7. I have had such a blessed and "easy life". You make me realize how much I have to be thankful for. I have a daughter that has many problems with her children (non like yours) and there are times she has problems getting through the day to day grind of worry and financial stress. I try to be there for her in any way that I can. Just know that I admire you and hope you do something nice for yourself occasionally. God bless.

    ReplyDelete
  8. Rachel, I read your blog with interest and now a deep compassion for what you are going through. I haven't often commented because, as others have said, so many people have already shared my very thoughts. You are an inspiration to me in terms of quilting but even more of an inspiration in the way you handle yourself and all the challenges that have been thrown at you. All three of your children are blessed to call you their mother. Prayers and hugs.

    ReplyDelete
  9. Rachel, honey, the bottom line is that we do the best we can, and there's no doubt you are not only doing your best, but more. Don't forget about yourself, and doing what you need to do to replenish your energies when your well runs dry. You need to worry about yourself more, but not about whether or not your a good mom.

    ReplyDelete
  10. Rachel, you are an amazing mom to Eleni and your older children. Your dedication and love shine through all that you write so beautifully! Like others, I believe that Aria and Liam are also learning and growing through your family's experiences of living with and loving sweet Eleni. The children I've watched grow up in similar families develop a compassion and wisdom that others with simpler lives do not.
    Though in a different sphere, our family has also experienced a deep grief concerning one of our children. I resonate with your feelings of not being enough, of wishing I could be and do more for each of my children. Over and over, I come to the conclusion that my hope must be not in myself, but in the Lord. Here's a quote from an old Puritan I keep on my computer for encouragement:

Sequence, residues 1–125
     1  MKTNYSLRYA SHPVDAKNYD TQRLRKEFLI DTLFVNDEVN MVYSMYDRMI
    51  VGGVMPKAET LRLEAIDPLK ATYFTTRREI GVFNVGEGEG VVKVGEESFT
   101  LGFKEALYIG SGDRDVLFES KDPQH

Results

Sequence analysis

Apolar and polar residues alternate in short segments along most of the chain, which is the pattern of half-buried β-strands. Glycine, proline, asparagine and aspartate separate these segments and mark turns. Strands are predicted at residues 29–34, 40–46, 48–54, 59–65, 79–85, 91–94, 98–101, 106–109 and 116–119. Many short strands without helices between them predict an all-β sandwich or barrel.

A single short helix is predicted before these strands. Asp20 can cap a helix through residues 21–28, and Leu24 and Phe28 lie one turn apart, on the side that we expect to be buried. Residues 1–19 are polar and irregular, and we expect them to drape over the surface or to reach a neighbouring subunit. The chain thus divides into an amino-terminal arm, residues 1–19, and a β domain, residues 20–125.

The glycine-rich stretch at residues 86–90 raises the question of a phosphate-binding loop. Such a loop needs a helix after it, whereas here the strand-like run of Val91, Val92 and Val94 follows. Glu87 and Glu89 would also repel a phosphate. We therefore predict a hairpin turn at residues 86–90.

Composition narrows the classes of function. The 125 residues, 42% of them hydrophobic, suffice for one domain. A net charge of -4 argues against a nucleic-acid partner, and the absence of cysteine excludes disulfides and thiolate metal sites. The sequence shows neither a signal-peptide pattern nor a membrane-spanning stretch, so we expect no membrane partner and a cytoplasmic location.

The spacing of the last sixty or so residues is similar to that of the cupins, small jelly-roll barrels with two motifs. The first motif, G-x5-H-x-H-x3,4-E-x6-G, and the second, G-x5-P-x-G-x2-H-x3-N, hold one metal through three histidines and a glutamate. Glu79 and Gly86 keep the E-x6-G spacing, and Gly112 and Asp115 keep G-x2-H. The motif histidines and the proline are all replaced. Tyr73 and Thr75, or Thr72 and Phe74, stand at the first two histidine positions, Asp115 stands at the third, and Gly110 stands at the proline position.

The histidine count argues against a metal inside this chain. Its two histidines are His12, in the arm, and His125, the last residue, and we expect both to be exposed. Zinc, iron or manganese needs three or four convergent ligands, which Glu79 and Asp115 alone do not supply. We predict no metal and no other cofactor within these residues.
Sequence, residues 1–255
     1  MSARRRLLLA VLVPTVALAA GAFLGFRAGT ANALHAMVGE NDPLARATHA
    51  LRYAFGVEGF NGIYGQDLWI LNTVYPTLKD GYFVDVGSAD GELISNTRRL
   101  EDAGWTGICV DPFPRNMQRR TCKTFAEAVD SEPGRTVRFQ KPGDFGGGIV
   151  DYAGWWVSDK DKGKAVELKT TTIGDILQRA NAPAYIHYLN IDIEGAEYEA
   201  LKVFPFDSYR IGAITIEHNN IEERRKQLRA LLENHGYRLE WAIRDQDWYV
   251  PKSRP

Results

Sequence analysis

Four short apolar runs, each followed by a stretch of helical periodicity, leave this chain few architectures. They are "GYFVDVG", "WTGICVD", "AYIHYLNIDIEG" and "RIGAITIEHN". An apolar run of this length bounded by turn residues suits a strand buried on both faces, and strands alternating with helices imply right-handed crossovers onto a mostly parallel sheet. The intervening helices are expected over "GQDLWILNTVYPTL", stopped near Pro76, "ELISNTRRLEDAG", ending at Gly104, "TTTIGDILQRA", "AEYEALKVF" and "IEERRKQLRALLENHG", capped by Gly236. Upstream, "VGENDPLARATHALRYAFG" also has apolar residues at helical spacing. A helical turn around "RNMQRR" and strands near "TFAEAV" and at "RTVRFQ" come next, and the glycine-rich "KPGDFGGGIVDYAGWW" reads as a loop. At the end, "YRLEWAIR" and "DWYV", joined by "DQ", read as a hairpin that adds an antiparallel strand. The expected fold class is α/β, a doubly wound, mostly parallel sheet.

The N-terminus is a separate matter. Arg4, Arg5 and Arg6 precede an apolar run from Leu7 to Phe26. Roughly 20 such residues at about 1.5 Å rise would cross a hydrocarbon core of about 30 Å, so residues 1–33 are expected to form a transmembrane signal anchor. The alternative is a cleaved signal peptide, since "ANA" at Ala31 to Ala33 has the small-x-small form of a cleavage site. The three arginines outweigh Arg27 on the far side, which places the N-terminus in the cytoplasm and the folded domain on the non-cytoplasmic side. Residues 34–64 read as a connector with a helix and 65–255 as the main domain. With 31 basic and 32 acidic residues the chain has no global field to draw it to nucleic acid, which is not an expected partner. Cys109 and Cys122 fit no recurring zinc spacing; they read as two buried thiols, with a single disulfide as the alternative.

“For a close, remember this, that your life is short, your duties many, your assistance great, and your reward sure; therefore faint not, hold on and hold up, in ways of well-doing, and heaven shall make amends for all.” (Thomas Brooks)

    ReplyDelete
  11. I shared this prayer with my sister earlier tonight and I felt compelled to share it with you too.

    Heavenly Father,
    I may not understand how everything will work out, but I trust you. I don't see a way, but I know you will make a way. I have faith at this very moment you are touching hearts, opening doors and lining up the right breaks and right opportunities. Things may look dark and bleak now, but I have faith that my dawn is coming.

    ReplyDelete
  12. I think most mothers feel like they fall short of being the mother they want to be quite a bit of the time. It's a tough job putting yourself last while encouraging others. And some days just never seem to end. You are modeling love, compassion, and prioritising the best way you can. They will also learn independence by taking on some responsibilities and pitching in. They feel needed and an integral part of a working family.

    ReplyDelete
    Replies
    1. Oh, yes, they are needed and they are independent! They make me lunch half the time now, so I can eat it while pumping and feeding baby. I am so glad I prioritized teaching them independence from a young age. At least we have that going for us!

      Delete
  13. Rachel, you do what you can and not more and not less. The most important thing is that you three children know that you love them. Two minutes on your knees with all you love your presence and your words "I love you"! When my oldest son was ill,my two others said to me, "you don' l love us anymore" and I did that : Two minutes or more but really with them and it was enough, they knew... Sorry for my bad english! YOU ARE A GOOD MOM :-)

    ReplyDelete
  14. My one-and-a-half year older brother become a diabetic when he was 9 (I was not even 8 yo then). I spend a lot of my childhood in hospitals and sometimes felt a bit cheated of my time with my parents. I knew even then that it wasn't because my parents didn't love me but because there weren't just not more hours in a day. I have a really close relationship with my parents and my brother but yes it would have been easier for your family and I would have a even better childhood without my brother's illness (that being said my childhood was one of the best a child can have). I'm sure and I hope that your other children will look back in a few years and be thankful for what they had and it will help them to grow up like nothing else could. Wish you all the luck and love you and your family need:-)

    ReplyDelete
    Replies